For an actor almost universally associated with a single character -- Captain James Tiberius Kirk of the U.S.S. Enterprise -- William Shatner has found diverse ways to stay active in the public eye, even spoofing his overblown acting style in a way far more hip than desperate. Years after he last uttered "warp speed," Shatner remains a well-known face beyond Star Trek conventions, re-creating himself as the spoken-word pitchman for priceline.com, and starring in a popular series of smoky nightclub ads that featured some of the most cutting-edge musicians of the day.
The Canadian native was born on March 22, 1931, in Montréal, where he grew up and attended Verdun High School. Shatner studied commerce at McGill University before getting the acting bug, which eventually prompted him to move to New York in 1956. He initially worked in such live television dramatic shows as Studio One and The United States Steel Hour in 1957 and 1958, as well as on Broadway. His big screen debut soon followed as Alexei in the 1958 version of Dostoyevsky's The Brothers Karamazov.
Throughout the 1960s, Shatner worked mostly in television. His most memorable appearance came in a 1963 episode of The Twilight Zone entitled "Nightmare at 20,000 Feet," in which he plays a terrified airline passenger unable to convince the crew that there's a mysterious gremlin tearing apart the wing. He also appeared in such films as Judgment at Nuremberg (1961) and the bizarrely experimental Esperanto-language horror film Incubus (1963). In 1966, he got his big break, though neither he nor anyone else knew it at the time. Shatner was cast as the macho starship captain James Kirk on Star Trek, commanding a crew that included an acerbic doctor, a Scottish engineer, and a logician with pointy ears, on a mission "to boldly go where no man has gone before." However, the show lasted only three seasons, considered by many to be high camp. After providing a voice on the even shorter-lived animated series in 1973, Shatner must have thought Star Trek too would pass. A costly divorce and a lingering diva reputation from Star Trek left him with few prospects or allies, forcing him to take whatever work came his way.
But in 1979, after a decade of B-movie labor in such films as The Kingdom of Spiders (1977) and a second failed series (Barbary Coast, 1975-1976), Shatner re-upped for another attempt to capitalize on the science fiction series with Star Trek: The Motion Picture. This time it caught on, though the first film was considered a costly disappointment. With dogged determination, the producers continued onward with Star Trek II: The Wrath of Khan (1982), at which point fans finally flocked to the series, rallying behind the film's crisp space battles and the melodramatic tête-à-tête between Shatner and Ricardo Montalban.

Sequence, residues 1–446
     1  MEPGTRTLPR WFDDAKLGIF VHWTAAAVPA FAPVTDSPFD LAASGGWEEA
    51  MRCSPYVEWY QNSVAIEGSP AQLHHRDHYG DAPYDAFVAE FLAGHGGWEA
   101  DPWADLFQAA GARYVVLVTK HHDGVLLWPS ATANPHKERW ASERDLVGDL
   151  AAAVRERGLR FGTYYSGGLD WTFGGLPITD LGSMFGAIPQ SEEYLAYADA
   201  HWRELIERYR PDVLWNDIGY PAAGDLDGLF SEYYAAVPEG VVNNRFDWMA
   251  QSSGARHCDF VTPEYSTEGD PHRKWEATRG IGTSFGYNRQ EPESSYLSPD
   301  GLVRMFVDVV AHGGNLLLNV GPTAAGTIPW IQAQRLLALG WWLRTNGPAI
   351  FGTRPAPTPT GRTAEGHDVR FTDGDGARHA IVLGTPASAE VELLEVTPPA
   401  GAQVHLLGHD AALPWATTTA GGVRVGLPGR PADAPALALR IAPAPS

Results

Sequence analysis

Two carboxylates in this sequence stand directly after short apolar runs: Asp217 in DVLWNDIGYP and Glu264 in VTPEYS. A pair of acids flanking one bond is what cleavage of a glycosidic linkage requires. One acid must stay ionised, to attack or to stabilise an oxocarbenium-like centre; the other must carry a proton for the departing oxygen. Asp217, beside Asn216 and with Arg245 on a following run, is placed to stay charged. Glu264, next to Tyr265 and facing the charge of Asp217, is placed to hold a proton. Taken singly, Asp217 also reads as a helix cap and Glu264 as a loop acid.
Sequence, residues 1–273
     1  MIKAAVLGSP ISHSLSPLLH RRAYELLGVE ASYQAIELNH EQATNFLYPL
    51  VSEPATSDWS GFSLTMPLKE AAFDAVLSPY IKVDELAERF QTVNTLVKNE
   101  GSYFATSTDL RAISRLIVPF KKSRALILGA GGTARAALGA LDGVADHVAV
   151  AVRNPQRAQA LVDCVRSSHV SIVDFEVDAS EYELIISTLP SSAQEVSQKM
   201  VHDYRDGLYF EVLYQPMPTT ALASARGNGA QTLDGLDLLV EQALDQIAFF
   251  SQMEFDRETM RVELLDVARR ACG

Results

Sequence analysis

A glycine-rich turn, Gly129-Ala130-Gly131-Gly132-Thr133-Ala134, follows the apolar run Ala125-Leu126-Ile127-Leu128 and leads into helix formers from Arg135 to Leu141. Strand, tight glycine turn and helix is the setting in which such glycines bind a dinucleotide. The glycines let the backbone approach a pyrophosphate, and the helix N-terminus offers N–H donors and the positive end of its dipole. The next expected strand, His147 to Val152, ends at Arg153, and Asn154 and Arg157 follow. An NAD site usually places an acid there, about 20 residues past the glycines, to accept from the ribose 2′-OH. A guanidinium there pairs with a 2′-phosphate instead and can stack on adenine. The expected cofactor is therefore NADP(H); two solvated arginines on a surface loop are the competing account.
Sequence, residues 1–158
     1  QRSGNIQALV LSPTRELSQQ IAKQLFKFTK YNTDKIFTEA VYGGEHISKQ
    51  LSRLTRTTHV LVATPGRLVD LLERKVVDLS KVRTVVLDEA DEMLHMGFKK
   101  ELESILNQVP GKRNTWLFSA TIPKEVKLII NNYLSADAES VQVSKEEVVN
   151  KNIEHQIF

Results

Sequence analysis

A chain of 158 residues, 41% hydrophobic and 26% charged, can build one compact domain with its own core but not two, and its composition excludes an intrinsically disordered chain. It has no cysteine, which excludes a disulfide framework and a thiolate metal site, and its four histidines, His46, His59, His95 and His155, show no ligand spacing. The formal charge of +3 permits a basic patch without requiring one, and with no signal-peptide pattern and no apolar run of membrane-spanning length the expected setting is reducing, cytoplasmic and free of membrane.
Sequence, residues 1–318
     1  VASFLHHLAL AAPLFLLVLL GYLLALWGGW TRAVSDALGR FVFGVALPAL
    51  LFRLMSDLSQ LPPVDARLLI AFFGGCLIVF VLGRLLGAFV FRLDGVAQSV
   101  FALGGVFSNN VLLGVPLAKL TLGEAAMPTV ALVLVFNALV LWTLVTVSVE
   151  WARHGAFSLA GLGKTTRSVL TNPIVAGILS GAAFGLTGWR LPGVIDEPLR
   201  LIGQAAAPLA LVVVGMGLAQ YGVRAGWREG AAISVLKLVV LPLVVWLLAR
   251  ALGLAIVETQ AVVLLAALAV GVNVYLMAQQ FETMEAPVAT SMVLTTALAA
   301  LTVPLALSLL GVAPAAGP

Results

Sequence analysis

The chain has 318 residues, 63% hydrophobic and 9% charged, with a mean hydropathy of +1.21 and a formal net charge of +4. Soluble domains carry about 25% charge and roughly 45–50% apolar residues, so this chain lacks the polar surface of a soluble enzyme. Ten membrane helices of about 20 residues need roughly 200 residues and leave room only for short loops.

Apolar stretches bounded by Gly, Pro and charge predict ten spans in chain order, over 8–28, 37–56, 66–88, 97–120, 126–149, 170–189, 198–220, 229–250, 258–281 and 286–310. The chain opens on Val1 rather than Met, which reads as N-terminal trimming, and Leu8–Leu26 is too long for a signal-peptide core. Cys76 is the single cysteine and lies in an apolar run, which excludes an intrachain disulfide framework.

Shatner had to wrestle with his advancing age and the deaths of several characters in Star Trek II and Star Trek III: The Search for Spock (1984), but by Star Trek IV: The Voyage Home (1986), the actor got to indulge in his more whimsical side, which has since characterized his career. As the series shifted toward comedy, Shatner led the way, even serving as director of Star Trek V: The Final Frontier (1989), which many considered among the series' weaker entries. During this period, Shatner also began parodying himself in earnest, appearing as host of Saturday Night Live in a famous sketch in which he tells a group of Trekkies to "Get a life." He also turned in a wickedly energetic mockery of a moon base captain in Airplane II: The Sequel (1982). Shatner made one final appearance with the regular Star Trek cast in Star Trek VI: The Undiscovered Country (1991), then served as one of the crossovers to the new series of films in Star Trek: Generations (1994), in which endlessly theorizing fans finally learned the fate of Captain Kirk.
The success of the Trek movies reenergized Shatner's TV career, even if it didn't immediately earn him more film roles. Shatner played the title role on the successful police drama T.J. Hooker from 1982 to 1987, directing some episodes, then began hosting the medical reality series Rescue 911 in 1989. Shatner returned to the movies with another parody, Loaded Weapon I, in 1993, and in 1994 began directing, executive producing, and acting in episodes of the syndicated TV show TekWar, based on the popular series of Trek-like novels he authored.
In the later '90s, Shatner was best known for his humorously out-there priceline.com ads, but also guested on a variety of TV shows, most notably as the "Big Giant Head" on the lowbrow farce Third Rock From the Sun. He also appeared as game show hosts both in film (Miss Congeniality, 2000) and real life (50th Annual Miss America Pageant, 2001). In 1999, Shatner suffered public personal tragedy when his third wife, Nerine, accidentally drowned in their swimming pool. The champion horse breeder and tennis enthusiast owns a ranch in Kentucky and remains active in environmental causes. Shatner took on a small role for 2004's Dodgeball: A True Underdog Story, and voiced the villainous wildebeest Kazar in Disney's animated adventure The Wild in 2006.
Shatner returned to television for a starring role on the popular dramady Boston Legal, in which he plays Denny Crane, a once unbeatable lawyer who co-founded the successful law firm where he continues to work despite his reputation as an eccentric old man. ~ Derek Armstrong, Rovi